The applicant sought leave to appeal Pagone J’s decision to the Court of Appeal. The Court of Appeal (Buchanan and Tate JJA) granted leave but dismissed the appeal.
It is not in the interests of justice generally, or in this particular case, that there be a grant of special leave to appeal. There is no reason to doubt the correctness of the actual orders made by the Court of Appeal.
Pursuant to r 41.11.1 we direct the Registrar to draw up, sign and seal an order dismissing the application.

QBE Insurance (Australia) Ltd v CGU Workers Compensation (NSW) Ltd [2012] NSWSC 377 (20 April 2012)

INSURANCE – double insurance – contribution – whether sufficient to only show reasonable compromise – whether common insured an “owner” of vehicle – whether “injury” established – whether compromise reasonable so as to entitle Plaintiff to contribution – recoupment.

ss 4(1)(f) of Part 2 of the Dictionary to the Evidence Act

R v Mokbel (Change of Pleas) [2012] VSC 86 (13 March 2012)

CRIMINAL LAW – Application to change pleas of guilty – Evidence illegally obtained as search warrant affidavits not sworn – Principles applicable on applications to change plea – Admissibility of illegally obtained evidence – Application refused.

324 Probative value is defined in the Dictionary of the Evidence Act 2008 as meaning “the extent to which the evidence could rationally affect the assessment of the probability of the existence of a fact in issue.”

Mark McKey v Regina [2012] NSWCCA 1 (1 February 2012)

CRIMINAL LAW – Appeal against conviction – sexual assault – Crimes Act 1900 s66C – whether miscarriage of justice – whether trial judge erred in failing to adequately direct the jury in relation to the appellants silence or inaction in response to allegations – whether trial judge erred in failing to adequately direct the jury regarding the circumstances in which the appellants silence or inaction could be used as evidence of consciousness of guilt – whether trial judge erred in failing to adequately direct the jury in relation to the submission by the prosecutor to discount the whole of the appellants evidence due to silence or inaction – implied admissions – evidentiary significance of post offence conduct – directions by trial judge where there may be risk of a misunderstanding on the part of a jury – appeal allowed – conviction quashed.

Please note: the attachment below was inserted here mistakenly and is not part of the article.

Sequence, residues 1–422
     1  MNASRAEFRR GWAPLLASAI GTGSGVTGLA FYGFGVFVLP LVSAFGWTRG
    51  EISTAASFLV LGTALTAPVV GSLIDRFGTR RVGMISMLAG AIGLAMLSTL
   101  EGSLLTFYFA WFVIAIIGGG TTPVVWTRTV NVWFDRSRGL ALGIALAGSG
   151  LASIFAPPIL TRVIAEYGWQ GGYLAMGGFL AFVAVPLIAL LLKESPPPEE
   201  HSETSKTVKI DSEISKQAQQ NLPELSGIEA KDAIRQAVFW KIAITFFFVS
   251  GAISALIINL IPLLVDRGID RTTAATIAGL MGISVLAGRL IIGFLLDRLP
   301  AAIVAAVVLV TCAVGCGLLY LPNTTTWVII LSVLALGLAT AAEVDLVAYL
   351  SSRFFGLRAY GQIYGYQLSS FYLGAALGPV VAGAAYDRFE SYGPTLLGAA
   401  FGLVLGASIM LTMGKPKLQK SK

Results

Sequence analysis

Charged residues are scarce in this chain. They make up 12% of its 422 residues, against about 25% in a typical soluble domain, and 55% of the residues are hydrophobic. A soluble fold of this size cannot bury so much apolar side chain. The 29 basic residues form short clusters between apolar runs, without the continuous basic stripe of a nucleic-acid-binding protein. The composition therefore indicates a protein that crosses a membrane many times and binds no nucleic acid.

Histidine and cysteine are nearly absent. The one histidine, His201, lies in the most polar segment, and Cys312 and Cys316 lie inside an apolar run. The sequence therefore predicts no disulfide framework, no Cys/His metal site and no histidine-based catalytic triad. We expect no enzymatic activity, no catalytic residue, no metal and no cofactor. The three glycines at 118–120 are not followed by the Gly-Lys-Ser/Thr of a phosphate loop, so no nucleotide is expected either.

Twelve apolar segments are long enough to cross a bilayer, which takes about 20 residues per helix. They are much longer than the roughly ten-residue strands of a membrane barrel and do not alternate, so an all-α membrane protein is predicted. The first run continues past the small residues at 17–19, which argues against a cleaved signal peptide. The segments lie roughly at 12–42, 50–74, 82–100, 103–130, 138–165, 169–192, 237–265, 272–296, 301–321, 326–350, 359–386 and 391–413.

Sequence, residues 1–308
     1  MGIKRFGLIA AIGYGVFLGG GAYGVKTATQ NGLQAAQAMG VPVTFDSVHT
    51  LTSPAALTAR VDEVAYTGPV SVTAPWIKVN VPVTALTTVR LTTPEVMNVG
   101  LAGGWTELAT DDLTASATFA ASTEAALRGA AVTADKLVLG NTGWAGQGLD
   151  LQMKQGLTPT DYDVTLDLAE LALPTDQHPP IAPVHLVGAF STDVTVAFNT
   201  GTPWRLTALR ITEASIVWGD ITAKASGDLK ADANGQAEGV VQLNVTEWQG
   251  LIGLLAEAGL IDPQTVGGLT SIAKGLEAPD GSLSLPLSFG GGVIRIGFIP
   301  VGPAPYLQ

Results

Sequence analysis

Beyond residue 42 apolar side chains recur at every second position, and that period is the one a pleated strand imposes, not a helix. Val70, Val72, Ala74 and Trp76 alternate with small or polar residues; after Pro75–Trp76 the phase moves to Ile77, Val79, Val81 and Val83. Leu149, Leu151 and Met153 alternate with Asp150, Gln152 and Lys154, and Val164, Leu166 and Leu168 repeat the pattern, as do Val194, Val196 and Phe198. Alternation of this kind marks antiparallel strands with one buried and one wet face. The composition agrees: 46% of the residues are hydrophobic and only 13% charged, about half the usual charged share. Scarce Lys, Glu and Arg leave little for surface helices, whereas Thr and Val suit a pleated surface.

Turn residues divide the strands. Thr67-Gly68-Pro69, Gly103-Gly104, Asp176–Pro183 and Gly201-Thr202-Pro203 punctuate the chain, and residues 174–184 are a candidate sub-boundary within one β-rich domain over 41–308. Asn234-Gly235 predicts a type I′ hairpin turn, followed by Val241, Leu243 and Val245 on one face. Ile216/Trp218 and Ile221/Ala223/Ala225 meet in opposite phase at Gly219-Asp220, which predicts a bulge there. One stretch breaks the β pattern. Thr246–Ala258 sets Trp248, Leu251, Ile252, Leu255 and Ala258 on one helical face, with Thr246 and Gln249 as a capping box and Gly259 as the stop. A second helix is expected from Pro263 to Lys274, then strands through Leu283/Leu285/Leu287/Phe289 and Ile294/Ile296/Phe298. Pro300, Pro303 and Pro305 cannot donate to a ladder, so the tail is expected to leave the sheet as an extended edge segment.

Dictionary –
previous representation

D R v The Queen [2011] VSCA 440 (20 December 2011)

CRIMINAL LAW − Conviction − Incest − Indecent assault − Gross indecency − Indecent act with and in the presence of a person under the age of 16 − Two complainant stepdaughters

− Joinder − Whether substantial miscarriage of justice occasioned by trial of offences against both complainants in same proceeding − Evidence − Admissibility − Tendency and coincidence evidence − Jury directions − Whether trial judge adequately directed jury regarding use of charged and uncharged acts and elements of offences − Whether substantial miscarriage of justice occasioned by jury directions being given prior to charge.

57 Probative value is defined in the dictionary to the Evidence Act as ‘the extent to which the evidence could rationally affect the assessment of the probability of the existence of a fact in issue’.

The Prothonotary of the Supreme Court of New South Wales v Kearns [2011] NSWCA 394 (15 December 2011)

LEGAL PROFESSION – solicitor convicted of serious offences of dishonesty – whether order should be made to remove solicitor’s name from the Roll of Legal Practitioners – extent to which particulars of misconduct supported by evidence of the convictions